The 2023 State of Risk & Compliance report issued by Navex states that diversity, equity, and inclusion (DEI) is rated to be “at least important” to 88% of organizations. As an ethics and compliance professional with multiple diversity strands, this rating is promising. And coupled with other indicators, such as overt statements and anti-discrimination assurances on company websites, this shows that companies are conscious of the value of a diverse workforce and associated stakeholders.
The empirical evidence on pro-diversity being a sound approach to building teams is also clear. Diversity shouldn’t just be a fad. It’s simply prudent business, and it’s backed up by science.
Diversity is important! Or so we say . . .
Therefore, it came as a surprise during a recent job search to find that there were jobs for which I was qualified but unable to properly apply. Mandatory fields in electronic forms were set up in such a way that I, a foreign national, was unable to select relevant responses.
Example one: A well-known apparel company was hiring a chief compliance officer, and the application form required that candidates supply their grade point average (GPA). Putting aside the fact that it’s perplexing why an organization hiring at such a level would need to consider GPA as a relevant factor, this was problematic for candidates like me. We don’t use GPAs in New Zealand education.
Example two: A less well-known electrical company included robust anti-discrimination commentary within their application process documentation, but it failed to provide for any university education attained outside the United States. Their drop-down menu for selecting a college pertained only to those based in the US. In this instance, I was connected on LinkedIn with the hiring manager, so I reached out to him to let him know of the issue. He was unperturbed and referred me to his human resources (HR) person, who advised that she had fixed the issue. I reentered my information only to find that the issue had not been addressed. Perhaps it’s not the worst thing in the world that I was not in the running for that role.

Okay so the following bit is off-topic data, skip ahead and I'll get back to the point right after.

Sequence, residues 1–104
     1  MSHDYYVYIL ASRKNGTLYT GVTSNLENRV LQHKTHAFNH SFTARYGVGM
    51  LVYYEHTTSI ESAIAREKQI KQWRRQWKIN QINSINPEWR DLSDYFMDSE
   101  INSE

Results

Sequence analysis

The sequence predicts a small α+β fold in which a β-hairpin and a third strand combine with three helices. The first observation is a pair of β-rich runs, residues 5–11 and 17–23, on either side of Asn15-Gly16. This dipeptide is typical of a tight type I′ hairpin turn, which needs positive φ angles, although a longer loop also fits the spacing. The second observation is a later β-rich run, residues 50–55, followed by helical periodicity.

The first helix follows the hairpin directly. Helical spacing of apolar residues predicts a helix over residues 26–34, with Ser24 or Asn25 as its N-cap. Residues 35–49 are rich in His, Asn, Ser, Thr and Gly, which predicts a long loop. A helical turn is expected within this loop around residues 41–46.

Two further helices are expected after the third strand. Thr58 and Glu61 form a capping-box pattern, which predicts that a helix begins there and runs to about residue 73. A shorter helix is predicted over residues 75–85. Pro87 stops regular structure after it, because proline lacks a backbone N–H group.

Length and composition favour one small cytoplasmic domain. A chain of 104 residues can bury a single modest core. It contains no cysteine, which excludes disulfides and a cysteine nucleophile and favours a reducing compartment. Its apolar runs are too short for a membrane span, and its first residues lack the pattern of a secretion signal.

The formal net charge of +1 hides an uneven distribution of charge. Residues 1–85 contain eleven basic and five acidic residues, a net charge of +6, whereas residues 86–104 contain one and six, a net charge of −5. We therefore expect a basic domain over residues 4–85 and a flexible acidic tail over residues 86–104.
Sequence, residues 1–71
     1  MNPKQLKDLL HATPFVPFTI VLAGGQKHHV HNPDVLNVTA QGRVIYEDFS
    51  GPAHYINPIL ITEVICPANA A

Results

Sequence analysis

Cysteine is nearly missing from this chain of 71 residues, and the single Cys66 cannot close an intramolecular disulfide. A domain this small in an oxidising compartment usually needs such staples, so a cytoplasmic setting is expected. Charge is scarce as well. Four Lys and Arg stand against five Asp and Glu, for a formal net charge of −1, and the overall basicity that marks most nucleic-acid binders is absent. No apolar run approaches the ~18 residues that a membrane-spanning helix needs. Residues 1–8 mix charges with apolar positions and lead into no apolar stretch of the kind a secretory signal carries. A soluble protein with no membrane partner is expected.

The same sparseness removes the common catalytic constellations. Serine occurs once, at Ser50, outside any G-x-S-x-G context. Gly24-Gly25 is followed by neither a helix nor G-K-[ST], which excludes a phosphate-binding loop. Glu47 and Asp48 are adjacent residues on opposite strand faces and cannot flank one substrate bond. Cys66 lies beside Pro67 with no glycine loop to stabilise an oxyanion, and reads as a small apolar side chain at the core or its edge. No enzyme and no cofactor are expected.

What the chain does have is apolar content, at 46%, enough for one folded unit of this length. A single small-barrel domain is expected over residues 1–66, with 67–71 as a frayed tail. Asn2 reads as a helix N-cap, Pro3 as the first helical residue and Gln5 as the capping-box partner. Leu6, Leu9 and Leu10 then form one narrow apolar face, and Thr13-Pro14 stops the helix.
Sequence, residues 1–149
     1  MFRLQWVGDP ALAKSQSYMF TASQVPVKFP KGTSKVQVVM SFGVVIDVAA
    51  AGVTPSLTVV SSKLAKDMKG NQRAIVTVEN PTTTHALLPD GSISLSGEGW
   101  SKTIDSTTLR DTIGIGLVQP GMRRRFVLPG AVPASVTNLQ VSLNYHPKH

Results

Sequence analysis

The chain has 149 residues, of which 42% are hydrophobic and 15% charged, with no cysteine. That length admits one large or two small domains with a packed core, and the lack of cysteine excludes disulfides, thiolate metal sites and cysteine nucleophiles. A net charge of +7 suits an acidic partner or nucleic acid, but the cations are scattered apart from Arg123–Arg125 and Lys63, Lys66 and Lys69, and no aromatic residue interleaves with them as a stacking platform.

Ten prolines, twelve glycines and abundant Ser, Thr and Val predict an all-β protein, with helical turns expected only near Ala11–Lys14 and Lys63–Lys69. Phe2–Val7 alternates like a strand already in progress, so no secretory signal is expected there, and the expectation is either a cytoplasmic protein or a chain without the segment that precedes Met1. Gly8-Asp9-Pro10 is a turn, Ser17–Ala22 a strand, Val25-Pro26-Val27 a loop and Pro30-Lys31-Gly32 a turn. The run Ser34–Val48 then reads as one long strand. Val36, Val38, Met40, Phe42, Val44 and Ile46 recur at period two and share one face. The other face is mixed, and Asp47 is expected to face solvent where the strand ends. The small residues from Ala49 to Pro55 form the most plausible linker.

These examples are essentially companies that likely have good intentions and don’t mean to discriminate; however, the result is that diverse candidates (in these examples, foreign-educated nationals who do have the authorization to work in the relevant jurisdiction) are unable to be considered for the role without selecting inaccurate mandatory responses. It also sends a signal that there is an acceptable group of people who will be considered for the role. How would you feel about applying to work for an organization if you got the impression you didn’t belong right from the start?